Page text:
Taxonomy of Knowledge Management Strategies
Earl (2001:215-233) categorized organizations into three broad schools: technocratic, economic, and behavioral. The technocratic school generally emphasizes the creation of knowledge based-systems through innovation, mapping of ideas, and generating processes that would reinforce the knowledge-based system.
It is divided into 3 schools: systems school, cartographic school, and engineering school. The economic school focuses on the commercialization of knowledge (derived from patents) and creation of net surplus capital for increasing profit levels. The economic school is also named as commercial school. The behavioral school is based on the assumption that human behavior in different settings can generate knowledge so long as it is stimulated and put into organization. This school is divided into three schools of knowledge: organizational school, spatial school, and strategic school. All the school mentioned above differed slightly or significantly on four variables: focus, aim, principle IT element, and philosophy.commercial SchoolThe increasing number of patents in the United States and Western countries in the past 10 years prompted many companies to develop revenue creating methods based on the utilization of existing patents. These patents if proven useful to the company may provide it with gross revenue above the profit margin. Although costs will be incurred, since procuring patents are met by increasing annual taxes and of course the high payment to the developer, it will be significant only in the short-run. Larger revenues are expected in the long-run, since the utilization of knowledge for commercialization, will in effect make the company the only producer of a product which is price way up the market price.This “monopolization” tendency of companies utilizing a specific patent is in the rubric commercial school philosophy. Maximize profit by reducing explicit and implicit costs.
Explicit costs refer to the costs incurred before and after marketing the patented products (and transaction costs). Implicit costs refer to the situation where the market controls the price of a product, and the existence of other firms selling the same product.An example is provided. Universal Corporation Ltd. (an inestee company), is currently producing the so-called saquinavir (a Roche’s HIV medicine) (http://www.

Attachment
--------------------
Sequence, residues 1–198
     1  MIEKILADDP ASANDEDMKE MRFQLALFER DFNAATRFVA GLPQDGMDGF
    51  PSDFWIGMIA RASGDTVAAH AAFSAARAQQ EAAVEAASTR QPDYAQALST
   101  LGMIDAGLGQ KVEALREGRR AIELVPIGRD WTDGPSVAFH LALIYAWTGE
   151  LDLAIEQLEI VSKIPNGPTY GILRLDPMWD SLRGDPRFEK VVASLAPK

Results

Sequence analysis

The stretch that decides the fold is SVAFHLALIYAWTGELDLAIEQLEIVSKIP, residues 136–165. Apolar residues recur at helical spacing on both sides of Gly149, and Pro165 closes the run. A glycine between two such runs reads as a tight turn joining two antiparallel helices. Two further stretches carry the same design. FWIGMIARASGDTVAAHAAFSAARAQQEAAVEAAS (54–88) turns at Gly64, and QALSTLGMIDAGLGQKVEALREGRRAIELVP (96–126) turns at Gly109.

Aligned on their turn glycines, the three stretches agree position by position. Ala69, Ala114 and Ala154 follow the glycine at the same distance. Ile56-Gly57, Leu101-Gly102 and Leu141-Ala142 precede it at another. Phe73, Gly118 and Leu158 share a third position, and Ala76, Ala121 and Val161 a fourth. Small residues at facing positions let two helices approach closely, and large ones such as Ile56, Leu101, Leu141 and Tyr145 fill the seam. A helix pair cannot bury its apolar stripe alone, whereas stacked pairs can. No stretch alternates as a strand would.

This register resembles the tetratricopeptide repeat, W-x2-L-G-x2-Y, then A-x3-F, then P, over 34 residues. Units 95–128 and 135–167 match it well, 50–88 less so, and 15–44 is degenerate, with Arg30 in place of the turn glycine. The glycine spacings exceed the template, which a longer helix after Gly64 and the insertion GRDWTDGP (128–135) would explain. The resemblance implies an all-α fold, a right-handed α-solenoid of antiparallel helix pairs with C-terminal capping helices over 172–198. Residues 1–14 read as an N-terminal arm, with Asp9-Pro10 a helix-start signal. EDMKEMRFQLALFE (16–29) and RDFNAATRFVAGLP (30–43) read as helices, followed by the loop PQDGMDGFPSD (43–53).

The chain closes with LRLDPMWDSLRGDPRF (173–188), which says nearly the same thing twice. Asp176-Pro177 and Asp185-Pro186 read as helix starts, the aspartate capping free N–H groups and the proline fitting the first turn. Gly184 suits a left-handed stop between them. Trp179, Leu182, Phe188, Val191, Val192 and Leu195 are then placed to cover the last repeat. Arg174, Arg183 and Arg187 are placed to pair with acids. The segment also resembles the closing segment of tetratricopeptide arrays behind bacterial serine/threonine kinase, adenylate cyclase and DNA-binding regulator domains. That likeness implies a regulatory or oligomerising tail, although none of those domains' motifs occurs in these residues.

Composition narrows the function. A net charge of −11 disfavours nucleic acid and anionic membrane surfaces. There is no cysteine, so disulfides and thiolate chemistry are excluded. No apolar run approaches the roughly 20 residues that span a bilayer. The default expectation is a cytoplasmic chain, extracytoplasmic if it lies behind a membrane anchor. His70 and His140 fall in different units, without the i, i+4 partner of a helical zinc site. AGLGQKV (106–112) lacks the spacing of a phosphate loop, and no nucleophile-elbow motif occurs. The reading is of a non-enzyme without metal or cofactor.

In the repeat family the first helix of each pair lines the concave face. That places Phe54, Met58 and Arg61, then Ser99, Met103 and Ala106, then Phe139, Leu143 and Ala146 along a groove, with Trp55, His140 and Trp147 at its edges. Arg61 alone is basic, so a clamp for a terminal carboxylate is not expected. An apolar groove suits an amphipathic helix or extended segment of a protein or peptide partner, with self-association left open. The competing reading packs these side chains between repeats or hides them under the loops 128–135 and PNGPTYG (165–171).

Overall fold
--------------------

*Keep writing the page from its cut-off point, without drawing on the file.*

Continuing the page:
finnfund.fi/ajankohtaista/uutiset06/en_GB/Universalcorporationkenya). The company before the development of the said medicine, invited several scientists from different countries to conduct researches on the feasibility of producing a medicine that can cure an HIV infection. They were offered high salaries to encourage them to work, and of course a freehand on the research process. The scientists who developed the medicine sold the patent to the company for a very high price.The company estimated that almost 64 % of people in sub-Saharan Africa are infected by HIV virus.
This amounts to at least 100 million consumers of the medicine. If the medicine is produced to a degree that will accommodate each consumer, then the company expects an ROI (returns of investment) of at least 500 %. Since the company owns the exclusive right to produce and sell the said product, it can dictate prices which in economics is called “perfectly inelastic.” Currently, the company is developing other medicines that will cure certain types of cancer. The same scientists who developed the HIV medicine will be working for the company.
It is clear that the management of the “knowledge asset” of the company rests on the relative propensity of the scientists to work (through incentives) and of course to the profitability of the product when distributed to the market. This stance of the company is an example of a firm’s exploitation of its knowledge base to create revenue streams and capital surplus. Revenue streams of the company will be used to finance future researches (on the research schedule) and the cost of manufacturing the products.Systems SchoolPELCO III is an electric cooperative that typifies organizations that belong in the systems school. The electric cooperative is comprised of departments that employ highly qualified personnel to codify some of its activities.
The results of the codification process were made available to all field and office personnel from the general manager to the line men. An example is the so-called system loss management handbook. Due to high system loss (which is 14 % on the average) in the past 10 years, the management draw plans for the reduction of systems loss (PELCO III, p. 23). The plan was designed by experts from Malaysia, Japan, and Taiwan.